1) Say I have 2 neighbours on 1GE, where "A" has MTU 9000 and "B" has MTU 1600, is the risk of mtu-ignore being enabled (so OSPF goes State=FULL) that if "A" has a large LSDB it's DBD pkts might be greater than 1600 bytes and "A" will think it doesn't have to fragment & "B" will drop the DBD?
2) If I have the same huge LSDB and DBD but MTU 1500 both sides does this work because the interfaces know to fragment?
Thanks very much for any clarification.
ps: This is between Cisco c6509 and Nortel 8600. With Nortel 8600 the only size that DBD MTU checking can work at is 1500. If Cisco isn't set to MTU 1500 Nortel must have mtu-ignore enabled.
I'm planning to have Nortel & Cisco MTU 1950 (the Nortel default) and hence must enable mtu-ignore.
I am having the same issue between Cisco 6509's and 3845 connected to a Nortel Passport 8600. From time to time when we have large LSA floods, the cisco's take down the ospf neighbor adj due to too many retransmissions. The nortel has an MTU of 1950 and the cisco is at 1500. What is the final suggestion here? Make the cisco match 1950 mtu on its physical interface? It is my understanding that the nortel will not use more than 1500 for routing protocols which makes me believe there is a match. I do have an option on the nortel to change to 1522, I am wondering if that will work because it looks like even if you could make them match, nortel and cisco do not see the MTU setting (ie 1500) the same way due to CRC being included/not included.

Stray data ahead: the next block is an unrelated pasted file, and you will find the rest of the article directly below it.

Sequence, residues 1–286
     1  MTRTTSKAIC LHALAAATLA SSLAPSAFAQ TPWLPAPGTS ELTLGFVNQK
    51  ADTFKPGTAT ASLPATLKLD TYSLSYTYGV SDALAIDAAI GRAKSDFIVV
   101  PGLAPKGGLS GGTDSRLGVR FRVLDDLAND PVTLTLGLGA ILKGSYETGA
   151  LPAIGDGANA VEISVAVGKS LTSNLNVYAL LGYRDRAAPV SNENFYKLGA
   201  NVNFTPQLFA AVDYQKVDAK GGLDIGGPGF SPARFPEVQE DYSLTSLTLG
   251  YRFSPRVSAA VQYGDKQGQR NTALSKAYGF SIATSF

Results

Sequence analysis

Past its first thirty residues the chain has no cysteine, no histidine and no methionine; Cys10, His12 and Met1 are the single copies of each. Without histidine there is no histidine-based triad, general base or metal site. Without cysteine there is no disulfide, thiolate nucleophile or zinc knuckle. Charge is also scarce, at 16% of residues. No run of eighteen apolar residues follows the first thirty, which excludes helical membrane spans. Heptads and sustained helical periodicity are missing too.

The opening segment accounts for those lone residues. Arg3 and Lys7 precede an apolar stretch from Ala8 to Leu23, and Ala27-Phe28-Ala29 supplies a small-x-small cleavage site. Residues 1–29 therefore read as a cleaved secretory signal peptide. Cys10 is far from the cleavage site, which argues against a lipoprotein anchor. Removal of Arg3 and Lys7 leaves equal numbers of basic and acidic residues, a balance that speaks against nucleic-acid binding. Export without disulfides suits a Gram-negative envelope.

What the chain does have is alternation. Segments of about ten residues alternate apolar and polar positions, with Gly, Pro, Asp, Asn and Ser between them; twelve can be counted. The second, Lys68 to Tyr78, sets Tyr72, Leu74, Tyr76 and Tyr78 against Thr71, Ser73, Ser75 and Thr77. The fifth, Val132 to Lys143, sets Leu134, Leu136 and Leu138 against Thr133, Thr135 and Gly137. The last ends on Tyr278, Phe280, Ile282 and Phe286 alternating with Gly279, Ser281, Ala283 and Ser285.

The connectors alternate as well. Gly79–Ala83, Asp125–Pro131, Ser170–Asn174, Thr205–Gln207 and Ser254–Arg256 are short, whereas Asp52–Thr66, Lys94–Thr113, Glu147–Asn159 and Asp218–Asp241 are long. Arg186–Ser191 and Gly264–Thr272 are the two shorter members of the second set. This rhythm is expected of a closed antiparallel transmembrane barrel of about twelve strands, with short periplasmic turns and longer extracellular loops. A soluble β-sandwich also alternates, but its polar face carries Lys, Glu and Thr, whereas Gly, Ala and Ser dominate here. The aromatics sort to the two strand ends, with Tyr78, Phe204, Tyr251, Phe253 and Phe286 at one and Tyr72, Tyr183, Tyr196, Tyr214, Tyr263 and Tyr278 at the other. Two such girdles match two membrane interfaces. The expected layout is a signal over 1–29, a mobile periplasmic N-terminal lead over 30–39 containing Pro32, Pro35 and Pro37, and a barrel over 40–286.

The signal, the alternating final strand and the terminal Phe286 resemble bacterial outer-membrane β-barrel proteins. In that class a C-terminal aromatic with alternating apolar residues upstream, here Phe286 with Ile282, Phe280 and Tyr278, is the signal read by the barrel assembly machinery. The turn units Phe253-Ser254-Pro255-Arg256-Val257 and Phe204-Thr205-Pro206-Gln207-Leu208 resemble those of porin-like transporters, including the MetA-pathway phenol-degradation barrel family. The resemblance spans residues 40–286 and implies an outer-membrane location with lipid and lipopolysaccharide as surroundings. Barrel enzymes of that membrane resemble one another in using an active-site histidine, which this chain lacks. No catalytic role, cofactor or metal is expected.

[toc:faq]The ProblemOn traditional switches whenever we have a trunk
interface we use the VLAN tag to demultiplex the VLANs. The switch needs
to determine which MAC Address table to look in for a forwarding
decision. To do this we require the switch to do...
[toc:faq]Introduction:Netdr is a tool available on a RSP720, Sup720 or
Sup32 that allows one to capture packets on the RP or SP inband. The
netdr command can be used to capture both Tx and Rx packets in the
software switching path. This is not a substitut...
IntroductionOSPF, being a link-state protocol, allows for every router
in the network to know of every link and OSPF speaker in the entire
network. From this picture each router independently runs the Shortest
Path First (SPF) algorithm to determine the b...